When we come into God’s presence in worship, there should be a response to Him, or else we are merely going through the motions of worship. The particular response is often dependent upon the personality of the worshiper. Some will cry and others will laugh; some will kneel, while others will stand; some will sing loudly and others will whisper their songs of praise. However, there is ALWAYS a response to the perceived presence of God.

It is important for us to understand at this point, that worship is also a lifestyle. It is not simply a matter of going to a worship service, although that is important. Paul points this out to us in Romans 12:1 when he says that we are to “offer our bodies as living sacrifices, holy and pleasing to God—this is your spiritual act of worship.” Worship is not just what happens when the church meets together. It is what happens each day as we offer ourselves to the Lord. The most powerful worship occurs when a congregation of believers who have been worshiping the Lord individually all week long come together.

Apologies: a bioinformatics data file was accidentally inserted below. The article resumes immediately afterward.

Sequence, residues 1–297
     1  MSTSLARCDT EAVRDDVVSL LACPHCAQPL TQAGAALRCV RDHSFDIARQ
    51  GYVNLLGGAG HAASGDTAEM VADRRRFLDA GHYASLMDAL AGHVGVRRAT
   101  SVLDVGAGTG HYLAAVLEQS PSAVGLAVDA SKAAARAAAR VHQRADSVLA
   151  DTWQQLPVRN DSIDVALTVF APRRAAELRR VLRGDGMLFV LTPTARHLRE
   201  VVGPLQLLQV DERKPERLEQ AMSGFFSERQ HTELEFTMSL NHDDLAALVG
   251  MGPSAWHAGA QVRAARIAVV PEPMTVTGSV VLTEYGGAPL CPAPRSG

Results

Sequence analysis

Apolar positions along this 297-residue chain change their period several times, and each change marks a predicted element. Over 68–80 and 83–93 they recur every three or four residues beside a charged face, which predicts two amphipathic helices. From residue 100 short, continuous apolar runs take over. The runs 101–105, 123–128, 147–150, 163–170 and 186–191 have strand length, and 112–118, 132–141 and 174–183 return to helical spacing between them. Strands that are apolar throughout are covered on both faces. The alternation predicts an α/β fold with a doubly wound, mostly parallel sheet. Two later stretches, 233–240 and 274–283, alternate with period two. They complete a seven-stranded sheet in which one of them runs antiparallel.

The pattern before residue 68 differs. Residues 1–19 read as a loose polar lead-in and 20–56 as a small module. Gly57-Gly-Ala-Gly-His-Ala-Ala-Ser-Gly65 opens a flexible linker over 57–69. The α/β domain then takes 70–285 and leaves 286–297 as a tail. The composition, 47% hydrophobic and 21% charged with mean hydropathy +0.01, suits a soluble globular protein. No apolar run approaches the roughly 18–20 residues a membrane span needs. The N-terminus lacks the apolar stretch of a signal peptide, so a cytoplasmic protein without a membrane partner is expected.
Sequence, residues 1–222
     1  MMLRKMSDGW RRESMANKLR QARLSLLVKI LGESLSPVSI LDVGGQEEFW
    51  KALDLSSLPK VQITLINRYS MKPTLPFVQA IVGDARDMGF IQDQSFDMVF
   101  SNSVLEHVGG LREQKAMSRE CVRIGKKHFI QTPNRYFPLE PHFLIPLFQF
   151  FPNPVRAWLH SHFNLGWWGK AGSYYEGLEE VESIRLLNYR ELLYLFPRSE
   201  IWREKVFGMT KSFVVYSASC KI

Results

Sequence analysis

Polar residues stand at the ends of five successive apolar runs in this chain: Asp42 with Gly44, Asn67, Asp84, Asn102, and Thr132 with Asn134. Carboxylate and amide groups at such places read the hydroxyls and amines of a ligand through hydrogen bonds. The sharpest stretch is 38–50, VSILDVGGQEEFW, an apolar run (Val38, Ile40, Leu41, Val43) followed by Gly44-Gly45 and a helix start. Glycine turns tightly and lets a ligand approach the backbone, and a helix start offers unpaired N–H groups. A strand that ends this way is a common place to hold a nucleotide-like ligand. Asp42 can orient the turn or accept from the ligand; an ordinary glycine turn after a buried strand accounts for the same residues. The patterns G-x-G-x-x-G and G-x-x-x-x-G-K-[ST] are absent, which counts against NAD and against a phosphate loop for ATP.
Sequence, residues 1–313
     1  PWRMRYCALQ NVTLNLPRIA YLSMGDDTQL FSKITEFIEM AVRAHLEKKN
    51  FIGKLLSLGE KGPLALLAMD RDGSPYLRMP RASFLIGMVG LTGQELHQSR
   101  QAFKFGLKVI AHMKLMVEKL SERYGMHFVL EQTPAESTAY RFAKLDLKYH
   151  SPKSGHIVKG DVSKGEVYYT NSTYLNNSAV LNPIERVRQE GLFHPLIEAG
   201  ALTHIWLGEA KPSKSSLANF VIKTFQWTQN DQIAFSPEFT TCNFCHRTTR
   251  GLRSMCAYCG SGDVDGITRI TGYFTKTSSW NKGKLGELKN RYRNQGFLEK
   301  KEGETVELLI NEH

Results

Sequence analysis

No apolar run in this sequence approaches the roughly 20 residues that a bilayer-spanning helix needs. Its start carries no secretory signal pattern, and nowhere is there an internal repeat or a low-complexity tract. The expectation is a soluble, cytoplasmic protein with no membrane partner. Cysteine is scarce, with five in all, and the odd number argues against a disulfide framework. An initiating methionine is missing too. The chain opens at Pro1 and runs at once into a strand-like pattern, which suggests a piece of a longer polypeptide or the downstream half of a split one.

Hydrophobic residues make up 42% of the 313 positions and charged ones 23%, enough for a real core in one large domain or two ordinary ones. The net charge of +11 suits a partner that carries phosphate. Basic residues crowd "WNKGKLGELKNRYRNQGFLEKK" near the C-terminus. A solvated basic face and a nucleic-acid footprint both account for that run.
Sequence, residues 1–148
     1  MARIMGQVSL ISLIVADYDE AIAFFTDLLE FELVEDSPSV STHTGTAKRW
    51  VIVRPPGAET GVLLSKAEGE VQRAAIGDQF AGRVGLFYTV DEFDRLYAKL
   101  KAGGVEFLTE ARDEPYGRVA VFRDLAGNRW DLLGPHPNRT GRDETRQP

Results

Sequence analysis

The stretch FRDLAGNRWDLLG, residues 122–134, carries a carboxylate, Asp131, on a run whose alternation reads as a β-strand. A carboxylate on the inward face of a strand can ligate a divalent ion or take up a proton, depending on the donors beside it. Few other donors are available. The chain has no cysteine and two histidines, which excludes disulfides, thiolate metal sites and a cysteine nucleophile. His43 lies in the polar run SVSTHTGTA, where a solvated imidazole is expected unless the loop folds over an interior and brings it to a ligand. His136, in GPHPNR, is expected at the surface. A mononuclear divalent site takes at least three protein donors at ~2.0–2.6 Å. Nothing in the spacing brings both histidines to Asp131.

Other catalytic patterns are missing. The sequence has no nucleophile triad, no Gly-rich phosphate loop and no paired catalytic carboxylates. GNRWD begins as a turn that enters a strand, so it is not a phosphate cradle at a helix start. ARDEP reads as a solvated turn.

How to Worship

The clearest biblical teaching on how to worship comes directly from the mouth of our Lord as He discusses proper worship with the Samaritan woman at Jacob’s well. In response to her questions about the proper place of worship, Jesus tells her that it is not a matter of place, but rather a matter of the heart. He says in John 4:24, “God is spirit, and his worshipers must worship in spirit and in truth.”

The first heaven-ordained characteristic of worship is that it must be done in spirit. It is in the realm of the spirit that we worship. Never a matter simply of the emotions, or even of the will, worship goes deeper to touch us at the level of the spirit. This means that worship must move beyond the surface things that we do. Acts of worship become a connection between the Spirit of God and our own spirit. This sort of connection is spoken of in Romans 8:16: “The Spirit Himself testifies with our spirit that we are God’s children.”

In worship, we must allow God’s Spirit to touch our spirit. For God is spirit, and those who worship Him must worship in spirit and in truth. Acts of worship such as singing, praise, prayer, etc. need to be seen as ways to bring us into His presence to allow Him to have His way with us. Here are some practical examples: